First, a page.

SSL uses a combination of public-key and symmetric-key encryption to secure a connection between two machines, typically a Web or mail server and a client machine, communicating over the Internet or an internal network.
Using the OSI reference model as context, SSL runs above the TCP/IP protocol, which is responsible for the transport and routing of data over a network, and below higher-level protocols such as HTTP and IMAP, encrypting the data of network connections in the application layer of the Internet Protocol suite. The "sockets" part of the term refers to the sockets method of passing data back and forth between a client and a server program in a network, or between program layers in the same computer.
The Transport Layer Security (TLS) protocol evolved from SSL and has largely superseded it, although the terms SSL or SSL/TLS are still commonly used; SSL is often used to refer to what is actually TLS. The combination of SSL/TLS is the most widely deployed security protocol used today and is found in applications such as Web browsers, email and basically any situation where data needs to be securely exchanged over a network, like file transfers, VPN connections, instant messaging and voice over IP.
How it works
The SSL protocol includes two sub-protocols: the record protocol and the "handshake" protocol. These protocols allow a client to authenticate a server and establish an encrypted SSL connection. In what's referred to as the "initial handshake process," a server that supports SSL presents its digital certificate to the client to authenticate the server's identity. Server certificates follow the X.509 certificate format that is defined by the Public-Key Cryptography Standards (PKCS). The authentication process uses public-key encryption to validate the digital certificate and confirm that a server is in fact the server it claims to be.
Once the server has been authenticated, the client and server establish cipher settings and a shared key to encrypt the information they exchange during the remainder of the session. This provides data confidentiality and integrity. This whole process is invisible to the user. For example, if a webpage requires an SSL connection, the URL will change from HTTP to HTTPS and a padlock icon appears in the browser once the server has been authenticated.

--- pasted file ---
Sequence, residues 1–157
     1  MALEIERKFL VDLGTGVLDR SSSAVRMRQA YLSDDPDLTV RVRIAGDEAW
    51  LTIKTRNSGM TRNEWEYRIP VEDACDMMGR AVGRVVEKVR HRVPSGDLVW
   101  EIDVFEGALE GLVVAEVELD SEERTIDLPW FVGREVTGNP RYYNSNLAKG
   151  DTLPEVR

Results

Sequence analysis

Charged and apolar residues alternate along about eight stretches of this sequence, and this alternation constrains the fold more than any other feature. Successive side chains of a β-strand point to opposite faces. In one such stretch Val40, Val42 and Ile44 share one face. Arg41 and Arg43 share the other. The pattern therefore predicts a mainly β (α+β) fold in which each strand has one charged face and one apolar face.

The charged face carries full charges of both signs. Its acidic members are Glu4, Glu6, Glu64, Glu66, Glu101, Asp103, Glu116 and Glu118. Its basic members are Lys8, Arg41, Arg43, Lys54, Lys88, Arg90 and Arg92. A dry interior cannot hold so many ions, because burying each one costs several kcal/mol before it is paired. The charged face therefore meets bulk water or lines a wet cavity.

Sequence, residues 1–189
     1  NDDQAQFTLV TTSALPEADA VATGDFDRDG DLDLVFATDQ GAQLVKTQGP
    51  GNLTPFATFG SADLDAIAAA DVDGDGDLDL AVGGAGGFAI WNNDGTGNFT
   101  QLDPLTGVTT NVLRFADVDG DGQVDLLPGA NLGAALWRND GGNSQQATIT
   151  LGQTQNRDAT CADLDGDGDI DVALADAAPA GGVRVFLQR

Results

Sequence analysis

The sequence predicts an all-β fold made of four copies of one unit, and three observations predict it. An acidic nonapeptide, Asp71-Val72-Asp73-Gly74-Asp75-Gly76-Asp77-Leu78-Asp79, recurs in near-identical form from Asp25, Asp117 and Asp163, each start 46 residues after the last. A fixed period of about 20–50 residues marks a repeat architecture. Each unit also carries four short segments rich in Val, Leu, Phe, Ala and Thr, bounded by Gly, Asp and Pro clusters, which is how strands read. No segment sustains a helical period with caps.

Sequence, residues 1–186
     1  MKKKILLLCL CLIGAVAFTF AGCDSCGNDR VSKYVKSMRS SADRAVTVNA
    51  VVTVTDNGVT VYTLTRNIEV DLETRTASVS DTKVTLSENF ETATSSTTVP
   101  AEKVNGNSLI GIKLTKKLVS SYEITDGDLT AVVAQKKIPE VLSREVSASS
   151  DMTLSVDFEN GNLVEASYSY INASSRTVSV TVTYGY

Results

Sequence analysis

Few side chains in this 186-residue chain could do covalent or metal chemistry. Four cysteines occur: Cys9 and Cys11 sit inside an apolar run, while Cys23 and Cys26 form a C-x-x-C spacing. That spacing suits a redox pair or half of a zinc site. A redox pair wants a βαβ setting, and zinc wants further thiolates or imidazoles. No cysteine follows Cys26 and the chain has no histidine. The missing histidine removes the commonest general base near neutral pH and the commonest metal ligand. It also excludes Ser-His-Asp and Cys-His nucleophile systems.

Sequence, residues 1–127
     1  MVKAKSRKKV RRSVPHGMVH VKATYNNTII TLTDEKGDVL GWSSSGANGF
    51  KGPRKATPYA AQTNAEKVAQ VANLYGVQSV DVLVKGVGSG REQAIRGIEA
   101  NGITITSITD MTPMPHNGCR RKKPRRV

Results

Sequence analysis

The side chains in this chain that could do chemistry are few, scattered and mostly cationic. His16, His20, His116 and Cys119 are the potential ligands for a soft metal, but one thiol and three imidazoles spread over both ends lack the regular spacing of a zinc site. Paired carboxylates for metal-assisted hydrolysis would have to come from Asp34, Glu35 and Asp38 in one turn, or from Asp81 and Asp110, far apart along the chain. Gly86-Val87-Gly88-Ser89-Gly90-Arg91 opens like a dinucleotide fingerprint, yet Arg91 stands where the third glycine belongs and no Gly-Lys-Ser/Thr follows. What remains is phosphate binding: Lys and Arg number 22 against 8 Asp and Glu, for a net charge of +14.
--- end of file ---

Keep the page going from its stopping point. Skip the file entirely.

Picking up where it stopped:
The handshake also allows the client to authenticate itself to the server. In this case, after server authentication is successfully completed, the client must present its certificate to the server to authenticate the client's identity before the encrypted SSL session can be established.
The history of SSL
The SSL protocol was developed by Netscape Communications in the 1990s. The company wanted to encrypt data in transit between its flagship Netscape Navigator browser and Web servers on the Internet to ensure that sensitive data, such as credit card numbers, were protected. Version 1.0 was never publicly released and version 2.0, released in February 1995, contained a number of security flaws. Version 3.0 involved a complete redesign and was released in 1996. Even though it was never formally standardized -- the 1996 draft of SSL 3.0 was published by IETF as a historical document in RFC 6101 -- it became the de facto standard for providing communication security over the Internet.
After the IETF officially took over the SSL protocol to standardize it via an open process, version 3.1 of SSL was released as Transport Layer Security 1.0 and introduced security improvements to mitigate weaknesses that had been found in earlier versions. (The name was changed to avoid any legal issues with Netscape.) Many attacks against SSL have focused on implementation issues, but the POODLE vulnerability is a known flaw in the SSL 3.0 protocol itself, exploiting the way in which it ignores padding bytes when running in cipher block chaining (CBC) mode. This flaw could allow an attacker to decrypt sensitive information such as authentication cookies. TLS 1.0 is not vulnerable to this attack because it specifies that all padding bytes must have the same value and be verified.
Other key differences between SSL and TLS that make TLS a more secure and efficient protocol are message authentication, key material generation and the supported cipher suites with TLS supporting newer and more secure algorithms. TLS and SSL are not interoperable, though TLS provides backwards compatibility in order to work with legacy systems. TLS 1.2 is the latest version.
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Margaret Rouse asks:
Experts say the advancement of TLS is held up by maintaining backwards compatibility with SSL, so should enterprises be forced to upgrade legacy software and hardware to improve Internet security?
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